I returned a couple of weeks after the grand opening for a more typical look at the new store. Outside, a blackboard on an easel announced weekly specials. Inside, the store was as striking as I'd rememberedterra cotta-tiled floors, brick walls, lots of wood, soft lighting and the faint soundtrack of classical music. Proceeding counterclockwise around the perimeter of the store, I saw an orderly arrangement of floral, produce, seafood, meat, dairy, frozen and, finally, bulk items. In the center of the store is the deli and prepared foods station, where more than a dozen white-coated employees stand by to pack up rotisserie-roasted chicken, pork or salmon, salads, entrées, sushi, soups and sandwiches.
Though nearly every department seems slightly smaller than the super-sized Cool Springs Wild Oats, quantity does not necessarily suffer, and quality is clearly valued. While there isn't as much cheese variety as Wild Oats has in its Green Hills store, I would venture to say that most consumers get a little dizzy when confronted with 20 types of goat cheese, anyway. The seafood case is likewise more minimal, but does offer lobster lovers the opportunity to order (for a 24- to 48-hour delivery) live Maine lobsters, sized from one to over two pounds, and a nice selection of caviar. The meat departmentwith a good assortment of lamb and veal cutsis particularly appealing with its impressive array of ready-to-cook steak pinwheels, stuffed pork chops and skinless, boneless chicken breasts prepared with spinach and feta, portobello and mozzarella, gouda and roasted red pepper, or spinach and ricotta.
Extremely time-pressed or kitchen-challenged family feeders will no doubt avail themselves of the many options available in the store's core, where an entire dinner can be created beginning at the rotisserie section, moving along to prepared soups, salads and sides. You can grab a loaf of bread from one of the several freestanding display units, pick out a six-pack of imported beer (unfortunately, Tennessee's unfathomable liquor laws prevent Fresh Market from maintaining the wine departments present in their stores in other states), then choose dessert from the bakery and coffee from the barrels of beans close by the checkout stands.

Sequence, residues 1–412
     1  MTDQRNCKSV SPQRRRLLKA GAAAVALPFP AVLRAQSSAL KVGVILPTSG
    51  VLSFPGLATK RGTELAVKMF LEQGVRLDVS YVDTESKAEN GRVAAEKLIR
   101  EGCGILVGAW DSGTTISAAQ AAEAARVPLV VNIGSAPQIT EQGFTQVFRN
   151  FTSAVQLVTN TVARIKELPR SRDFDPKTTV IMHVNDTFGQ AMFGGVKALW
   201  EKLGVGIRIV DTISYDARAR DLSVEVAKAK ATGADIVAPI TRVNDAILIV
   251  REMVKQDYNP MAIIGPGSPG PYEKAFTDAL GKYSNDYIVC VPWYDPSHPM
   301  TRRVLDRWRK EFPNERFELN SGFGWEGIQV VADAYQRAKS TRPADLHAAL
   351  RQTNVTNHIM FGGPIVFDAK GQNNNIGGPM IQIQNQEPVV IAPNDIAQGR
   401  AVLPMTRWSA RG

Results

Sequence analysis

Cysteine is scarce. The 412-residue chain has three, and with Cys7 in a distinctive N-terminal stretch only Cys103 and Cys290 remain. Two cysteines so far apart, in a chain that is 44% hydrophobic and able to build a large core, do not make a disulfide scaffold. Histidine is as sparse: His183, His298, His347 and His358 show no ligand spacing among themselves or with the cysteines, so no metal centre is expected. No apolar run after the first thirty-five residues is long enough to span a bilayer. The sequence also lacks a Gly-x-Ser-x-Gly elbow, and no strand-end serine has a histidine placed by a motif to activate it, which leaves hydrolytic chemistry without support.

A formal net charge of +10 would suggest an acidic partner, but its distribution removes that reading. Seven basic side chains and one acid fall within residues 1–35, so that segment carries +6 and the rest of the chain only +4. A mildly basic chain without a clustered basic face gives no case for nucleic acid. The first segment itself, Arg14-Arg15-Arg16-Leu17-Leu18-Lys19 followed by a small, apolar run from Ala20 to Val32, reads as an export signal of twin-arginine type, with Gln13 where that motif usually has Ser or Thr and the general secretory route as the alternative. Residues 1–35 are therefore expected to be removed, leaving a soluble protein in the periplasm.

Two blocks of shelving units stock packaged items more common to conventional grocery stores, such as cereal, crackers, sauces, condiments, pasta and canned goods. There arejust like at Kroger, Harris-Teeter and Wild Oatsa significant number of Fresh Market brand products, everything from cheese straws to marinara sauce.
Though my previous Fresh Market exposure was limited to a week's worth of daily visits to its Greenville store, I don't recall that store carrying cleaning supplies and paper goods, as the Brentwood one does. In fact, I had understood that Fresh Markets did not carry those items, thus the name Fresh Market. I was also a little surprised to see the box of Jiffy corn muffin mix near more distinguished bread mixes, and the bottle of Mazola corn oil a couple of shelves below the black truffle oil.
Whether that's specific to Brentwood or a companywide practice is unclear. Still, it's clear that Fresh Market is overall a worthy "food destination store for people who enjoy cooking and good eating." So Brentwood residents have another shopping option in their already overflowing basket, and it's certainly worth the drive for culinarily curious Davidson County residents.